Given our professional focus on human development, I have recently wondered why we do not have an overriding stage theory or task model of professional counselor identity — a theory or model to help us explain how to promote and attain a unified identity, and perhaps stave off “multiple professional identity disorder.” Certainly such a theory would espouse a common core of educational and training standards, attainment of appropriate licensure and certification, and participation in professional counseling associations. Although these components all exist today and are paving the road to a more unified profession in the future, a great number of challenges still exist, and some backsliding is sure to occur.

For example, I recently wrote a letter to the 2016 CACREP Standards Revision Committee. Among other issues, I asked the committee to reinsert what seems like a minor clause, but one with vast implications for professional identity. The revised standard requires that “faculty must identify with the counseling profession through sustained memberships in professional counseling organizations.” The previous standard inserted the parenthetical phrase “… through memberships in professional organizations (i.e., ACA and/or its divisions).” Removal of that phrase would certainly lead back to “multiple professional identity disorder.”

But if we really want to have an impact on future generations of professional counselors and build a unified profession, accrediting bodies and universities must require counselors-in-training to participate in professional counseling associations. In a recent “round” at an ACA Governing Council meeting, a question was posed: How did you become involved with ACA? No less than 90 percent of us responded that we were “told” to join ACA by our graduate faculty. We had a firm professional counselor identity because our faculty and mentors had firm professional counselor identities. So, I also requested that CACREP establish a standard requiring graduate counseling students to identify with the counseling profession through sustained memberships in professional counseling organizations (i.e., ACA and/or its divisions). Exposing all of our counselors-in-training to the world of the professional counselor would be a giant step toward a unified professional counselor identity. The current reality is that most counselors-in-training do not belong to a professional counseling association. That is troubling.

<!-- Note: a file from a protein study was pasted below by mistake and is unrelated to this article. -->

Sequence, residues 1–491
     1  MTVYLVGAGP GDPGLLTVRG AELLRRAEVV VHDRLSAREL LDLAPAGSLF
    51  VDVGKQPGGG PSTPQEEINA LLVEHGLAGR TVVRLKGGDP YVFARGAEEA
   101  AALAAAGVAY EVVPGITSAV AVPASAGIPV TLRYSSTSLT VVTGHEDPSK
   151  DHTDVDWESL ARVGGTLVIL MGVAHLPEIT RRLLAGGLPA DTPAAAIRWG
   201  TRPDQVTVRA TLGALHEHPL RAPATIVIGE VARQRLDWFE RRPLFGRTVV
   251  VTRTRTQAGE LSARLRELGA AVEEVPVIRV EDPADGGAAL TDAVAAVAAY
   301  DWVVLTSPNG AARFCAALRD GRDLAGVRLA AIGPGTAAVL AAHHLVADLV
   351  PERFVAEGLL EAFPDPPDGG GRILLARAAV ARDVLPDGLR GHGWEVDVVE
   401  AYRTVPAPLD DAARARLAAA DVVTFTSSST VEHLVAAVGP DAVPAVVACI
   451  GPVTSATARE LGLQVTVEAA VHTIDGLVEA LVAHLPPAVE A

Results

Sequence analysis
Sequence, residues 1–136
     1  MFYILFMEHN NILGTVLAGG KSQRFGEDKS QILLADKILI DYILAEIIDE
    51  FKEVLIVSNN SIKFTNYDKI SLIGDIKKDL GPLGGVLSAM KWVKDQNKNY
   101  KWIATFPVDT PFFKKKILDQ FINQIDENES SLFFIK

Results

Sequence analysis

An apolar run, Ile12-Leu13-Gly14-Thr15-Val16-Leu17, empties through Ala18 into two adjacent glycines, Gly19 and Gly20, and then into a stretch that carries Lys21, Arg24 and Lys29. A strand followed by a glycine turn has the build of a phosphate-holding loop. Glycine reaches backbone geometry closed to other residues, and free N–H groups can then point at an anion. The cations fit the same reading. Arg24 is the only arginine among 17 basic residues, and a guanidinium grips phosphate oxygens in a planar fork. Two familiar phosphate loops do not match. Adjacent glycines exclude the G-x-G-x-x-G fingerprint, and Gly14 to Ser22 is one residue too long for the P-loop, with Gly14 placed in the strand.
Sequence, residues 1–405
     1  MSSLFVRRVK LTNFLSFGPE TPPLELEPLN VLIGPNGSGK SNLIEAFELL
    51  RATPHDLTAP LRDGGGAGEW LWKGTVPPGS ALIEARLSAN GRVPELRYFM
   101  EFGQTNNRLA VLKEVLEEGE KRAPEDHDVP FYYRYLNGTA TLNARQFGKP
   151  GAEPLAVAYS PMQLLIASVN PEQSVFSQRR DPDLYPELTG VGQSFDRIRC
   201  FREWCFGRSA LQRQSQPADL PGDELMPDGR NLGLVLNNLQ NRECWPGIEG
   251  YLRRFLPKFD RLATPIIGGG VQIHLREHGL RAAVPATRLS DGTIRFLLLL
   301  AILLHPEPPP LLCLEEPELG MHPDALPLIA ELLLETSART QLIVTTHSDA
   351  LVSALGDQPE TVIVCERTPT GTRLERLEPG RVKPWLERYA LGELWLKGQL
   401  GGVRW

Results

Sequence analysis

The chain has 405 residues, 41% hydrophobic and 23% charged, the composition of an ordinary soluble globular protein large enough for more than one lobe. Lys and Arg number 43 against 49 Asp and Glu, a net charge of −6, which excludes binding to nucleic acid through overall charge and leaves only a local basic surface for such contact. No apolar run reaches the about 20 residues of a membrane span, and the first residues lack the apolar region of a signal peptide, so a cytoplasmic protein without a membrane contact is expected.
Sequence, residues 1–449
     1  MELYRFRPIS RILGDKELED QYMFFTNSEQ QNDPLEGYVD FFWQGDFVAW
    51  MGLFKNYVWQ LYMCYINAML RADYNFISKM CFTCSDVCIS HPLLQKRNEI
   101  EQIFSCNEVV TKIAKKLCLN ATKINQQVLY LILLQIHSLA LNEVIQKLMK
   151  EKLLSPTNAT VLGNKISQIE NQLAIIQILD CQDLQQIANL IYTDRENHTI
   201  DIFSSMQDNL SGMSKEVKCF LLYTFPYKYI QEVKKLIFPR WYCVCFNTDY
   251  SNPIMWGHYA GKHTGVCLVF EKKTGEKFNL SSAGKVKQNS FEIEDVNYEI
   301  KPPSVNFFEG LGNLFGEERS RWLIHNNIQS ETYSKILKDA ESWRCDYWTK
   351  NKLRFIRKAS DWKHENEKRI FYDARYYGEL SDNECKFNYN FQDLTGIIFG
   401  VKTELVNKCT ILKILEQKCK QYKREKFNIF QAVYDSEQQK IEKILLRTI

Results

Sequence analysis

A larger question is how we develop and maintain an appropriate professional identity (boundary) while still benefiting from the input and strengths of our interprofessional colleagues (permeability). After all, we share the same literature, have similar training standards and often receive similar supervision. But will we, as a counseling profession, mirror the mistakes of other mental health professions that seek to create impermeable barriers between professional groups? That seek to restrict counselor practice through legislation and regulations?

No one knows for sure what the future holds, but just as our appreciation for classic rock has matured, so will the counseling profession mature … over the next 35, 65 and even 100 years. But for now, enjoy reading this month’s feature articles and answer this question: Who are you?

The counseling profession really wants to know!